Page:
As i was leaving for the Smart Kitchen Summit in Seattle in October, my toaster broke. The ashen heating elements failed to flicker for one last slice of bread. In fact, all toasters — those kitchen staples since 1893 — may be on the way out.
Based on what I saw at the Summit, toasters — and practically all other kitchen appliances — are about to be unfamiliar in every way. Manufacturers promised that my appliances will recognize my face and voice to know my food preferences and biomedical data to produce the most perfect toast the world has ever tasted. And it won’t be a toaster, but a device that may toast, boil, sous-vide, fry or braise. Transforming ingredients into meals will be the goal of our new Smart Kitchen.
Imagine this: Your kitchen in 2030 will use voice activation to operate the handful of kitchen tools and appliances that remain after designers remove wires, Instapots, trash cans and microwaves. Your kitchen will be smaller and wireless, maybe even portable. Croatian startup Dizzconcept makes portable, pop-up kitchens that fit into any space. Perhaps our new homes will come without kitchens, and we’ll simply select these movable, modular, personal kitchens to drop into our new spaces.
Countertops will be charging surfaces for your devices. Screens will be voice activated (so you don’t have to touch a screen with fingers sticky from the syrup dispenser). These new surfaces will show what’s in your refrigerator and pantry, with data about the shelf life of all perishables. Your fridge will sense when you need to buy more milk — and will order it for delivery when your house knows you will be home. Garbi, another startup, is working on a trash can that recognizes what you discard, sorts it for recycling and reorders items.
Recipes will be personalized. No more single recipes from that book on the shelf, printed on paper, that may be good for someone but not you, with your recent calcium deficiencies and preference for mild flavors. Your kitchen will know what’s in your pantry and will design what to cook based on its knowledge about your health and preferences. Big Data for food has arrived.
Where does that leave grocery stores and restaurants? Many will be left out of this new food landscape, while others will get smaller and prepare food for delivery services. Still others will become experience centers, with more grocerants (restaurants in grocery stores) where you select your ingredients and the grocery store chef cooks it for you to eat in the store. Grocery stores, themselves smarter because of all the customer data they now own, will be fulfillment centers, some modeled after Amazon, and many integrated into Amazon’s platform.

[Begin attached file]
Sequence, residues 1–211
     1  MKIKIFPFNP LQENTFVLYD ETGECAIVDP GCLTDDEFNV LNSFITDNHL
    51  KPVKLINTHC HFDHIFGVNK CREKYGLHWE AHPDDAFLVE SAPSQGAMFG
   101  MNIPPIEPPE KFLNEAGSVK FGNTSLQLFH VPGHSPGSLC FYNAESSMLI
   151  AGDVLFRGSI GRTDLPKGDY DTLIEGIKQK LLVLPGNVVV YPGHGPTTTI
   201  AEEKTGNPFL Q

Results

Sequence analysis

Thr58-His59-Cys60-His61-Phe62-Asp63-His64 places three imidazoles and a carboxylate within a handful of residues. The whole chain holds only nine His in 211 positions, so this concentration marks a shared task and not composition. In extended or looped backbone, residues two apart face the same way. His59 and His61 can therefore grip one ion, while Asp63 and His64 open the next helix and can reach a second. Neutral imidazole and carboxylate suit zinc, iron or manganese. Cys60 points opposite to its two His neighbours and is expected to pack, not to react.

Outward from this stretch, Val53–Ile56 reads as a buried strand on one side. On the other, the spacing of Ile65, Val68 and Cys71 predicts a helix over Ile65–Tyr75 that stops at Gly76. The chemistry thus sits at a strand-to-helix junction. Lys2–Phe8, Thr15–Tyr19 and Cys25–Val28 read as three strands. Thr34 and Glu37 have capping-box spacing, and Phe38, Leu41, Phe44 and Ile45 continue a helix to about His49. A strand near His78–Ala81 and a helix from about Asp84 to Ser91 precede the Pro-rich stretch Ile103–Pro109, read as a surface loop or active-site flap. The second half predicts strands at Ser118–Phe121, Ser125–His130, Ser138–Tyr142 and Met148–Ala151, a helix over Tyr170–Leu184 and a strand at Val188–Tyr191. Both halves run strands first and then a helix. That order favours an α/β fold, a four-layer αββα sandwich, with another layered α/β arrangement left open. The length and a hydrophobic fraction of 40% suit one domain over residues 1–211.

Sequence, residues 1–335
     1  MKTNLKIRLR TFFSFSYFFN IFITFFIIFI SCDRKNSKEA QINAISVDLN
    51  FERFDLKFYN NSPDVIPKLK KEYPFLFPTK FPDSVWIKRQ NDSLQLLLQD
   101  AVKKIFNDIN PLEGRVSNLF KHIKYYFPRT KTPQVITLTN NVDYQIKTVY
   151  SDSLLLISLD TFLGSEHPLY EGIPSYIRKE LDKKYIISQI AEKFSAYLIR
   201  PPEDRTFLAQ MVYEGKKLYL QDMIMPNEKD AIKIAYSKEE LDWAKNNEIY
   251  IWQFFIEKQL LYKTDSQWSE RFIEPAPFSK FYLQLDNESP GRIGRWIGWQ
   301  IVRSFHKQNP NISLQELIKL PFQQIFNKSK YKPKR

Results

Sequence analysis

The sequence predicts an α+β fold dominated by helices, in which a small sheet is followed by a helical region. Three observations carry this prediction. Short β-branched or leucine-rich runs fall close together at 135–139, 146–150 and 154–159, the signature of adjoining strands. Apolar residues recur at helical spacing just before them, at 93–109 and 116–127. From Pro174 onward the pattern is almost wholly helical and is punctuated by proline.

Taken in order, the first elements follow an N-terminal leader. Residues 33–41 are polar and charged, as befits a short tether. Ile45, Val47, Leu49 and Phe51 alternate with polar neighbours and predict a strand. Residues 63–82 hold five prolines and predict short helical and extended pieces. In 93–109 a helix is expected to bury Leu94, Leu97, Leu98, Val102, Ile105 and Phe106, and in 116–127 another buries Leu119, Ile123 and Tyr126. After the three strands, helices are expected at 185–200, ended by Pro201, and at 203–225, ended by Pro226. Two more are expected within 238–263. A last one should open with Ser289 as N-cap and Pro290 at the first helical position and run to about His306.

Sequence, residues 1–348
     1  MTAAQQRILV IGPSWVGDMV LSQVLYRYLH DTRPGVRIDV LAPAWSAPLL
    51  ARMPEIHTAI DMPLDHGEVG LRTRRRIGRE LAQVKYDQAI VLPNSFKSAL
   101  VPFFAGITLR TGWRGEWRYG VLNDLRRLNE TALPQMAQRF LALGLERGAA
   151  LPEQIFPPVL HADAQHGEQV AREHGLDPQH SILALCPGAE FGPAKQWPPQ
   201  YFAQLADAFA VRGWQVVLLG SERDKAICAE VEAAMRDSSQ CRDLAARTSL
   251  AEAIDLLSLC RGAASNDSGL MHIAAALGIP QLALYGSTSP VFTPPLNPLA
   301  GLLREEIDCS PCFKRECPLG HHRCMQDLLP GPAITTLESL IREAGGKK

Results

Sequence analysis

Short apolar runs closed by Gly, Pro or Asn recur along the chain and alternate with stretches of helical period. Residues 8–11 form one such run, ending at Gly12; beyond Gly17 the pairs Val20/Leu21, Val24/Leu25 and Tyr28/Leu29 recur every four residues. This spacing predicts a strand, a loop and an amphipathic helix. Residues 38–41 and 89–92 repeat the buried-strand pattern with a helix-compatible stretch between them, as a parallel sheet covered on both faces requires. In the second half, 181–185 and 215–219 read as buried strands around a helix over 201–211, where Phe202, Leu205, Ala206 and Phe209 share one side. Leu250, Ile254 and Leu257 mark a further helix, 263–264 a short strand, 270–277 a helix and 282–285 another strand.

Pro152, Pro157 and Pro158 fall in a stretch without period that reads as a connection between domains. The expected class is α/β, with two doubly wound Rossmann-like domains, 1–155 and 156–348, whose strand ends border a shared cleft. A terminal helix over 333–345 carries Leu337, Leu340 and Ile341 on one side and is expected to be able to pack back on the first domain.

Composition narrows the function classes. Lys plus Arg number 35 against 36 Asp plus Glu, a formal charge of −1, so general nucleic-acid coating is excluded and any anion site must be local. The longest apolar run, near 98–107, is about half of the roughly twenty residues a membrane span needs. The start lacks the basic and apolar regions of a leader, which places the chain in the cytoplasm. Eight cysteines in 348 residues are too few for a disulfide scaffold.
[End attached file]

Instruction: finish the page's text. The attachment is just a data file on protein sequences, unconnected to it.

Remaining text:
Because your kitchen will be so smart, it will become a commerce center. You will shop from home, with tools such as augmented and virtual reality that give the sensation of being at the store. You will smell and touch what you buy, without the headache of parking or standing in a checkout line.
Perhaps these new kitchens will be maker spaces, educational centers that will teach us how to cook, what to cook and inspire us to tell stories around our food making. We’ll be content makers for a new media — food — a far cry from the static food photos we post on Instagram. We’ll stream our cooking experiences in our kitchens.
And who really likes to peel potatoes or chop onions? Food printers now produce fresh food from organic ingredients, freeze-dried and pulverized. The Last Mile is now no mile at all.
Kitchens, grocery stores and restaurants will be hubs for innovation. The engineers and designers at Bosch, GE, Kenmore and Siemens are fiddling with a whole new world in our former kitchens. Appliance makers have become hardware and software companies. Grocery stores and restaurants will fill new roles as they adapt to these new “platforms,” as our kitchen counters and frying pans will come to be known.
We might miss the joy of cooking. Or the satisfaction of making. Or the delight of creativity and the unexpected. Where along the road of automation will we pause? As our kitchens change into service centers that defrost and heat food delivered to our home, will we yearn for the temperamental toaster?
Food+City publisher Robyn Metcalfe has been an editor and writer at Sunset Magazine, a heritage pig farmer and a food historian. You can find her @foodmiracle on Twitter because she thinks food is a miracle.